Does Hyperglycemia Predict Pancreatic Cancer Diagnosis?

Project: Research project

Description

DESCRIPTION (provided by applicant): Pancreatic cancer causes glucose intolerance and diabetes in up to 80% of patients. Pancreatic cancer induced diabetes (PaCDM) is often asymptomatic, of short duration (50 years of age may have PaCDM. We propose to establish whether newly elevated fasting blood glucose (FBG) is indicative of underlying pancreatic cancer as evidenced by diagnosis of pancreatic cancer within 3 years of the FBG measurement. If so, this would provide an entirely novel approach to screening for sporadic pancreatic cancer. We hypothesize that the 3-year likelihood of diagnosis of pancreatic cancer will be high in subjects: a) equal to or > 50 years of age with newly elevated FBG, b) with elevated fasting glucose who have known risk factors for pancreatic cancer (e.g. smoking), and/or c) who manifest an abrupt increase in FBG in serial measurements over time. We will identify visits to Mayo Clinic between years 1988 to 2002 by subjects equal to or >50 years of age who resided in its surrounding catchment area and had a routine physical examination that included a FBG. Preliminary data reveal that about 150,000 different subjects made >300,000 such visits during this time period providing >1 million person-years of follow-up. We will electronically retrieve clinical, and laboratory data and examine 3-year follow-up from date of FBG measurement to identify those diagnosed with pancreatic cancer. We expect 340 to 510 pancreatic cancer events in this cohort. Our Specific Aims are: Aim 1A). To test if FBG drawn during routine physical examination predicts likelihood of underlying pancreatic cancer and to test for non-linearity of this association. Aim 1B) To establish a FBG threshold that predicts a high 3-year likelihood of diagnosis of pancreatic cancer. Aim 2). To estimate the extent to which known risk factors for pancreatic cancer (age, smoking, obesity and family history) modify the likelihood of underlying pancreatic cancer in subjects with FBG greater than the threshold defined by Aim 1B. Aim 3). To test if patterns of change in serial measurements of FBG over time predict likelihood of underlying pancreatic cancer. The clinical and research implications of this study are considerable. These data may lead to delineation of individuals who have a high likelihood of existing pancreatic cancer, and who may be ideal candidates for more intensive screening or early detection regimens. The research described in this application is 100% relevant to pancreatic cancer.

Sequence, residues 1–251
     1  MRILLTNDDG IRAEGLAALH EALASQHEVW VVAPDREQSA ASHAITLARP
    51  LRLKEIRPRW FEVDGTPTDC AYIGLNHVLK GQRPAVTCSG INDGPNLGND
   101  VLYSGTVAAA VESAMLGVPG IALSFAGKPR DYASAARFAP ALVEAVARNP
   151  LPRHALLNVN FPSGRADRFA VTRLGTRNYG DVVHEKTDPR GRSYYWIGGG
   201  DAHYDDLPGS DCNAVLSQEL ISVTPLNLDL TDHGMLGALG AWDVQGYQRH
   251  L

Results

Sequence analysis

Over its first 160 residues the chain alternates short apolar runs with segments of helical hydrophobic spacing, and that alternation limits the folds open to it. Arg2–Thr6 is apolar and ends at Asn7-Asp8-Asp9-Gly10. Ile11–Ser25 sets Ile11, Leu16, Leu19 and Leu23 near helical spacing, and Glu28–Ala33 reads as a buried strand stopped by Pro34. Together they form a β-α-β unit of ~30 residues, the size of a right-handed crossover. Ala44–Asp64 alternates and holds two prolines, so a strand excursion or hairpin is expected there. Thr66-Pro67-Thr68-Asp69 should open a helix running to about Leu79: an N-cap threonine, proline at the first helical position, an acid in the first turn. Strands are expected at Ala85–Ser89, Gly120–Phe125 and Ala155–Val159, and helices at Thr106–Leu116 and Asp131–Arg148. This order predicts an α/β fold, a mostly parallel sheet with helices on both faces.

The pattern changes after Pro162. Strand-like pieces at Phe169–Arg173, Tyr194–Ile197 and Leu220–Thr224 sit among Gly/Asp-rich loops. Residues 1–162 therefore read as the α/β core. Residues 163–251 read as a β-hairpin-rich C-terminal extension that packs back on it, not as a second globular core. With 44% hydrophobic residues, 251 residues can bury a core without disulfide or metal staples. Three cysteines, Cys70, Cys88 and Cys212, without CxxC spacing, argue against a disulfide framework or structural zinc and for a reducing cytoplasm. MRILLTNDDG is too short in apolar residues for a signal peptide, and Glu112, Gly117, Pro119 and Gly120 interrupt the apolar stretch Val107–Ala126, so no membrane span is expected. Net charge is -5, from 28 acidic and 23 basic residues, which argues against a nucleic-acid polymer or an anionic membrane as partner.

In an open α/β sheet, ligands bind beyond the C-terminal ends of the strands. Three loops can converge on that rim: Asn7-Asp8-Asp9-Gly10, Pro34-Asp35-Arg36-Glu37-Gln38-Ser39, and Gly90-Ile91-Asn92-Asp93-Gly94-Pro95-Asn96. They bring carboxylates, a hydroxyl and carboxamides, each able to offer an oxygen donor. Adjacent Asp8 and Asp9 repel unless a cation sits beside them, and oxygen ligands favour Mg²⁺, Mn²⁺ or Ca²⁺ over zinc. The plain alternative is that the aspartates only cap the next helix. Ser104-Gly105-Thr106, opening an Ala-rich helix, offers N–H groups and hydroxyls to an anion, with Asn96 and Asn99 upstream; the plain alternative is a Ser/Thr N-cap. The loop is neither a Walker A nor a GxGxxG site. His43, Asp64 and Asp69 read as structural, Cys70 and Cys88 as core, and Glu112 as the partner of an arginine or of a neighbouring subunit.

StatusFinished
Effective start/end date4/1/033/31/08

Funding

  • National Institutes of Health: $242,725.00
  • National Institutes of Health: $237,021.00
  • National Institutes of Health: $242,725.00
  • National Institutes of Health: $242,725.00

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Pancreatic Neoplasms
Hyperglycemia
Fasting
Blood Glucose
Physical Examination
Smoking
Glucose Intolerance
Research

ASJC

  • Medicine(all)